Sarah Chapin, Matthew Keenan (center) and Bradley Foster Smith in “The Lonesome West” at the Keegan Theatre. (Cameron Whitman Photography/ )

Never underestimate the power of tonal contrast. Much of Martin McDonagh’s black comedy “The Lonesome West” depicts the simmering hostility between two Irish brothers: Coleman and Valene Connor have long indulged in outrages that include threats, blackmail, violent brawling, streams of profanity and the malicious mistreatment of potato chips. It’s misbehavior rendered amusingly in the Keegan Theatre’s lively staging of the play, which features Bradley Foster Smith and a fine Matthew J. Keenan as, respectively, Valene and Coleman.

Still, “Lonesome West” ultimately draws its power from an ostensibly calmer central sequence, in which the feuding siblings do not appear. In this scene, conjured with commendable understatement in director Mark A. Rhea’s production, a discouraged and doubting Catholic priest named Father Welsh (Chris Stezin) confronts his own failure to encourage good behavior in Leenane, the provincial community where the Connors live. Stezin’s quiet, focused delivery of a pivotal monologue makes this scene, set on a lakefront, an eye-of-the-storm moment with a significant dramatic payoff.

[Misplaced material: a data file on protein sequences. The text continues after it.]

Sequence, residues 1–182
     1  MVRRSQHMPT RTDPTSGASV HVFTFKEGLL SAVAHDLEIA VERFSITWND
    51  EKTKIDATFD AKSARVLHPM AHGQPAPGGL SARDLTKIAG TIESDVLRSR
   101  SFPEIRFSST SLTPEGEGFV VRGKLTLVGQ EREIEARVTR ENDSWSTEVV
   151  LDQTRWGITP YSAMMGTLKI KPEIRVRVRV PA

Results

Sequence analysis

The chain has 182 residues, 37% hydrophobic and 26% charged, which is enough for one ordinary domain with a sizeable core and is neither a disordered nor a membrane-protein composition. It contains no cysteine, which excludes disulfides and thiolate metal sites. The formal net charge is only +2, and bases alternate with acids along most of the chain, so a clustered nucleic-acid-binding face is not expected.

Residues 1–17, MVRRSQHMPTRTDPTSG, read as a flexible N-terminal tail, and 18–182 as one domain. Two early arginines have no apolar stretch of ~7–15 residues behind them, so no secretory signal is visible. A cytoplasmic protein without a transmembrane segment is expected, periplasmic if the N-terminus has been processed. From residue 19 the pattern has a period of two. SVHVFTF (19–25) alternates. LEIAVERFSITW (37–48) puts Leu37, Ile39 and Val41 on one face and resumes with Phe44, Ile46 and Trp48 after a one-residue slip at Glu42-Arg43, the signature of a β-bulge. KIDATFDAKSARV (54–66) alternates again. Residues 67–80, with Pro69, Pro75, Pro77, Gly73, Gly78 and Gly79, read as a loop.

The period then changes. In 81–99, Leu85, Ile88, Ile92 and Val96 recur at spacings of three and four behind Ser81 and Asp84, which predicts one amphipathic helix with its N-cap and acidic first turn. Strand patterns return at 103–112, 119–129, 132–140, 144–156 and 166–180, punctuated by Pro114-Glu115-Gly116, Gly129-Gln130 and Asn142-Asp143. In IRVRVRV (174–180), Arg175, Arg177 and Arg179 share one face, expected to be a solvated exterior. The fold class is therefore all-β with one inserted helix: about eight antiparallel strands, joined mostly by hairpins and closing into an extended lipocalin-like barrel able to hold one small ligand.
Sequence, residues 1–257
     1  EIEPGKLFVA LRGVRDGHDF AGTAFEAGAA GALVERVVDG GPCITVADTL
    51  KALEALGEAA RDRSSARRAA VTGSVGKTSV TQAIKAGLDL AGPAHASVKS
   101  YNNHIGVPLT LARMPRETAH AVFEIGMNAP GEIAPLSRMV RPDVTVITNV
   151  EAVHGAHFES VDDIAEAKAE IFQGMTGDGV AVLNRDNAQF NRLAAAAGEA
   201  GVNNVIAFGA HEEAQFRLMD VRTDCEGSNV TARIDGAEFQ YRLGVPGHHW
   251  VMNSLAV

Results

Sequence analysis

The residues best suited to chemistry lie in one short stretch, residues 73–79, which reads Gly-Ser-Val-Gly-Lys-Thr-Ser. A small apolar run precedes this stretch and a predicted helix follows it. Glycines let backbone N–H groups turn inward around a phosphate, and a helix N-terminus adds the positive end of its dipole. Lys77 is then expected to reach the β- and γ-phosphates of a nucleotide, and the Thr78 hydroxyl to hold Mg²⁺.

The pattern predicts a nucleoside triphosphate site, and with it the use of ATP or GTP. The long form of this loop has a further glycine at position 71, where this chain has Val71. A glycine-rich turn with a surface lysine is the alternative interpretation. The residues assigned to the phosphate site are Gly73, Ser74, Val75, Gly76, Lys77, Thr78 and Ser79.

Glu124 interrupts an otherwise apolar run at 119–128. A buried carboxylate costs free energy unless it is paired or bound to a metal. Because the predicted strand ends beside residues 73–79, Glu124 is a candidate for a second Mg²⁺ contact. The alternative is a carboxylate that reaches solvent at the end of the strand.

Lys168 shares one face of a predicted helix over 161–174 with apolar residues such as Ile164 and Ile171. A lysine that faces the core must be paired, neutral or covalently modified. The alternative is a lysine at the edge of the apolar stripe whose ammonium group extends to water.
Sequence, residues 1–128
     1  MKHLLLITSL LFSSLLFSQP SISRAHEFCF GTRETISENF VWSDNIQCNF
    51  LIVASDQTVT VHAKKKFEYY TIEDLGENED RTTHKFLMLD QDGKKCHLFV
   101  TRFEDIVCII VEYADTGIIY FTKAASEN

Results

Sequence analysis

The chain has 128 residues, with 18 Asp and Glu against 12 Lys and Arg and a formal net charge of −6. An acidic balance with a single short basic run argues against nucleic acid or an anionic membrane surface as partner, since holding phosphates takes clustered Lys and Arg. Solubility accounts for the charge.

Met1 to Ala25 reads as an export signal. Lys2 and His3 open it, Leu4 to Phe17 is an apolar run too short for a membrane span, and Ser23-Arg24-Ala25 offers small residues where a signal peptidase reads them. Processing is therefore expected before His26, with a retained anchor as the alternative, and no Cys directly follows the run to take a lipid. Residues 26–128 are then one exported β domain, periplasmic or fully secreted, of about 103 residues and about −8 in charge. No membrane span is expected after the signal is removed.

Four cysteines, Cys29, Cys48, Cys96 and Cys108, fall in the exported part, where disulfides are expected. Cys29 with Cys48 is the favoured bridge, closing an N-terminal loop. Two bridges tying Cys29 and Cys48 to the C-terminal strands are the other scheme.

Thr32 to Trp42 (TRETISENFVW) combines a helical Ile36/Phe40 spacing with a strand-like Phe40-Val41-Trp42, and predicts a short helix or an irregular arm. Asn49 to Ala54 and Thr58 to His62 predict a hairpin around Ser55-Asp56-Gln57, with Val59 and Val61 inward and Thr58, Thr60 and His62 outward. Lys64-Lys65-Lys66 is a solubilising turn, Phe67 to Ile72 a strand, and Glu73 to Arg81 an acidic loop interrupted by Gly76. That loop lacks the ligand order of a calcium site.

The lakefront sequence serves as an effective foil to the tale’s more antic episodes, which benefit particularly from Keenan’s glowering charisma and deft comic timing. There is more discernible artifice in Smith’s evocation of Valene, although the details of the characterization — dweeby, hangdog looks and mannerisms — seem right for the character. The interaction between the two performers can be quite funny, including during the varied, expressive, deliberately goofball fight sequences, choreographed by Casey Kaleba.

Further characterization and narrative momentum are supplied by the rundown-farmhouse set, which comes complete with ripped armchairs, stashed-away bottles of poteen (the local moonshine) and lots of additional clutter, such as the religious figurines that Valene collects. (Keenan designed the set.)

When they aren’t engaged in one-on-one altercation, the Connor brothers sometimes play host to visitors, including the oft-­traumatized-looking Father Welsh and a high-spirited local teenager and part-time poteen merchant named Girleen, played here by a dynamic Sarah Chapin. These visitors bring news of the doings in broader Leenane, where violent death is surprisingly frequent, and even the local under-12 girls’ soccer team seems to have a homicidal bent.

The “Lonesome West” story kicks off just after the funeral of Coleman and Valene’s father, who in life was frequently arrested for screaming at nuns. (This play is part of McDonagh’s “The Leenane Trilogy.”)

Audiences familiar with the shocker-packed writing of McDonagh (whose works also include “A Behanding in Spokane,” which Keegan Theatre produced in 2013) will not be surprised to learn that neither the Connor family circle nor the farmhouse furnishings will emerge from “Lonesome West” wholly unscathed.

The Lonesome West by Martin McDonagh. Directed by Mark A. Rhea; lighting design, Colin Dieck; costumes, Erin Nugent; sound, Tony Angelini; set dressing and properties, Carol H. Baker; hair and makeup design, Craig Miller; assistant director, Josh Sticklin. 2 hours 20 minutes. Tickets: $35-$45. Through Aug. 27 at the Andrew Keegan Theatre, 1742 Church St. NW, Washington, D.C. Call 202-265-3767 or visit